It is at this point in the Old Testament that we find that things are more complicated then they seem. There aren’t simply ‘good guys’ and ‘bad guys’; God’s people and pagans. The people who need saving also deserve judging, and the people who deserve judgment also need saving. But how?

These three movements in the Old Testament bring the story to the edge of a cliff. Would God abandon his plan to save his world? Or would God forget his promise to do it through Abraham’s family? How can God judge even those he wants to save and save even those he needs to judge?

Enter, Jesus– the seed of Abraham and the representative of Israel; the everlasting God himself, come in the flesh at long last. In Jesus we see not only the faithfulness of God but also the wisdom of God. Jesus is the surprising, unexpected Episode 4.

In Jesus, YHWH comes to save and to judge. But Jesus accomplishes this in a most unexpected way. Jesus, the Gospel writers find many ways to tell us, is fully human and fully God– and thus he is the one doing the judging and the one receiving the judgment, the one doing the saving and the one being saved from death through resurrection. He is the warrior who conquers by losing, the Savior who rescues by dying. Jesus takes the weight of all that is evil and sinful and wrong in the world upon himself, standing in not simply for ‘Israel’ but also for ‘Rome’—not only the covenant people but also the enemies and outsiders.

Jesus saves and judges by taking the judgment upon himself.

And that is tremendous news.

So, as you watch the movie and read and re-read the Exodus story, it’s quite alright to be troubled. Just keep reading. It’s not the end. That’s the trouble with Exodus– it’s only Episode 1.

“Let not your heart be troubled. You believe in God, believe also in me.”– Jesus.

The Problem With Our Critique of Modern Worship, Pt. 1

What are the repeated critiques you hear about modern worship?

It is so noisy.

And why is every bridge a monosyllabic chant? (eg. ‘whoa…oh oh…)

It looks too much like a concert.

The songs are so repetitive.

It’s too much about ‘me’.

I am sure there are more, but let’s just take these five. I will focus on the first three in this post, and on the last two in the next installment.

First, the critique of noise and the use of non-sensical, monosyllabic words.
I have combined the first two because both find very interesting parallels in ancient Israelite worship. Fuller Seminary’s Old Testament professor John Goldingay writes:

‘The onomatopoeic verb most commonly translated “praise”, halal…which lies behind that noun tehilla, suggests that praising means saying lalalala. The derived expression “hallelujah” is thus an [eruption] combining this verb with the short form of the name of Yhwh…’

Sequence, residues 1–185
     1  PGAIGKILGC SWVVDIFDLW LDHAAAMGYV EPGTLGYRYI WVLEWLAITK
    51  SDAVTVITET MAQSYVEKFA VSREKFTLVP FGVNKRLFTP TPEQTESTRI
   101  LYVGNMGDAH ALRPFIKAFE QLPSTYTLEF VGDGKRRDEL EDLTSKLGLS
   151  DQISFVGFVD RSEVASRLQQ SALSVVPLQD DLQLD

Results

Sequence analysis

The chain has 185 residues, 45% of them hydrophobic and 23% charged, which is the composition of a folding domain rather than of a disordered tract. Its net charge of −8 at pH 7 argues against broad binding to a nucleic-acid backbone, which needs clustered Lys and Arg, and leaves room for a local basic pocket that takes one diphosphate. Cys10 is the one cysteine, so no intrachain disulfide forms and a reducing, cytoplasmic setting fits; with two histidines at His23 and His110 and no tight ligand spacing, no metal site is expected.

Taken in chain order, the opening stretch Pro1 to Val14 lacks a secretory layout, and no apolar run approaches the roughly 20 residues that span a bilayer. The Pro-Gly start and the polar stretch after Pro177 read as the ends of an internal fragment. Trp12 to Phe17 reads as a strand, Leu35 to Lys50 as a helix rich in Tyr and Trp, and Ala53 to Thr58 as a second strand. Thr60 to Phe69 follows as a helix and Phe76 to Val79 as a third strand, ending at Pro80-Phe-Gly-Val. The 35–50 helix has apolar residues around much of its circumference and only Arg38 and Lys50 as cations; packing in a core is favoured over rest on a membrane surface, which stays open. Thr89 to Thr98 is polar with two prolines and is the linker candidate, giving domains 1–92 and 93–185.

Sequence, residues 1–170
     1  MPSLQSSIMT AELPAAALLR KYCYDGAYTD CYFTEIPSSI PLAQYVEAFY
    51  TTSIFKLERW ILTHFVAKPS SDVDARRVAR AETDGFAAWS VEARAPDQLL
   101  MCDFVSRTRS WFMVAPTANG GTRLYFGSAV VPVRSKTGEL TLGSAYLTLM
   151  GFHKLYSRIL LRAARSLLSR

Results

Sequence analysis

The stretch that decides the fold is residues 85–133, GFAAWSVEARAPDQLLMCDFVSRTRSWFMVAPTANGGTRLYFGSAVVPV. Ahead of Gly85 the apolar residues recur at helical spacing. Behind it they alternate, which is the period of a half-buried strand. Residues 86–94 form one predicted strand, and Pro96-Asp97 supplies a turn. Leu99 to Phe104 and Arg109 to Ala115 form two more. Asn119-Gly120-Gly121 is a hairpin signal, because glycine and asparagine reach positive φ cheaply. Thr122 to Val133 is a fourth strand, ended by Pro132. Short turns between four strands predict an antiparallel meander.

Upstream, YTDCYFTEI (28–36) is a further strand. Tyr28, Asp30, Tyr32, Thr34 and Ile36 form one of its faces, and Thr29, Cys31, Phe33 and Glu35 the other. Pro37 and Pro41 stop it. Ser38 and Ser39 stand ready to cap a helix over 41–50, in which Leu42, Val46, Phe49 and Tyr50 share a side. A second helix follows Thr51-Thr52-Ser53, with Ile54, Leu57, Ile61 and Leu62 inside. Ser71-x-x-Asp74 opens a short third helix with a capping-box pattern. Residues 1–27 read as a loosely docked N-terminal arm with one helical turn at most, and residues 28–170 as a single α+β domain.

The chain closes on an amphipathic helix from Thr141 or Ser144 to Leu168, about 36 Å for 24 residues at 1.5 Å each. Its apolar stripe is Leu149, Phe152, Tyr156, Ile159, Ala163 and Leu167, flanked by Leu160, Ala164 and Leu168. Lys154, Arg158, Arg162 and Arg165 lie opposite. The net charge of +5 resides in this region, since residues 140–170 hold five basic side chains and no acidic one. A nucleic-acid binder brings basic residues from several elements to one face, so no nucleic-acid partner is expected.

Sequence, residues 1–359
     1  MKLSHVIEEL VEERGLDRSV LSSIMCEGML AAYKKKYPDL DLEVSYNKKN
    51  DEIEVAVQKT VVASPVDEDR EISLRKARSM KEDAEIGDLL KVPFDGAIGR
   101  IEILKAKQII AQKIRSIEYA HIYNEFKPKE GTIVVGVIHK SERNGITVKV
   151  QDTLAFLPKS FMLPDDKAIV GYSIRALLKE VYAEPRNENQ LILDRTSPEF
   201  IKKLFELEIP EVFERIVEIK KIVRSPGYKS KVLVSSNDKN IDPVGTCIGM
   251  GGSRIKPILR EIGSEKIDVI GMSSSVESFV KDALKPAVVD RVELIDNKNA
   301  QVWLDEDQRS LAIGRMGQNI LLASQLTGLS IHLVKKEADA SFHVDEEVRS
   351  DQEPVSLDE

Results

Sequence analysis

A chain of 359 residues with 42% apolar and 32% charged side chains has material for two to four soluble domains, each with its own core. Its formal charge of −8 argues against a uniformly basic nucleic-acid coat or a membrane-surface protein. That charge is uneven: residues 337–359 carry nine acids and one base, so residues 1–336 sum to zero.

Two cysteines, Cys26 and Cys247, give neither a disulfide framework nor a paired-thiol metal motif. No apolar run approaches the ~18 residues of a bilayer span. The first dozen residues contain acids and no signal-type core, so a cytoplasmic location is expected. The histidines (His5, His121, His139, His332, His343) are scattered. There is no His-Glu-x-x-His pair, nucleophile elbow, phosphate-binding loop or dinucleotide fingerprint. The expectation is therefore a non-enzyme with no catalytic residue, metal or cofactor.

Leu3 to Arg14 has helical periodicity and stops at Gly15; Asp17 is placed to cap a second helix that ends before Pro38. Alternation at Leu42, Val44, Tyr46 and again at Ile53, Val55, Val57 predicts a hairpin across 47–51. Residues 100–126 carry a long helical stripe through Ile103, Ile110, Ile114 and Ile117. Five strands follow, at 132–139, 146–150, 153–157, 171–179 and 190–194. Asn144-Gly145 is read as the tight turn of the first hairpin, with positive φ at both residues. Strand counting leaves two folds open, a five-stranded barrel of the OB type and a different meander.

Wait…so ancient Israelite praise was often an eruption of repetitive monosyllabic sounds? It gets better. Goldingay continues:

‘Alongside the formlessness of shouting and ululating that expresses the untamed and undomesticated fervor of praise is the form and order or music that also enhances praise as it channels and thus enhances that fervor…’

And what sort of musical accompaniment ‘enhances that fervor’? Why, a rhythmic noisiness, of course.

‘The key musical aspect to Israel’s praise is rhythm. We have little evidence of melody or harmony in Israelite music; the musical aspect to worship would likely not strike a Western person as very musical at all…

The function and nature of sound would thus resemble those of the crowd at a football game or the work of a rapper more than those of regular Christian worship.’

The parallels with ancient Israelite worship are not insignificant or incidental. I grew up in non-denominational, Pentecostal/Charismatic churches, and almost every teaching on worship I heard was rooted in the Old Testament: patterns of the Tabernacle of David and the Temple of Solomon, the stories about the Ark of the Covenant, the Hebrew words for praise, the Psalms, and on and on. This is not to say that there was no reflection given to what makes worship Christian. We understood how the three symbols/figures central to Israelite worship– temple, priest, and sacrifice– are fulfilled in Christ. And what’s more, we understood (if only dimly) that what is true of Christ is true of us: because He is the temple, the priest, and the sacrifice, we have become the temple, priests, and living sacrifices. The influence of Old Testament worship texts was not set in isolation from or in opposition to the New Testament or a Christological understanding of worship.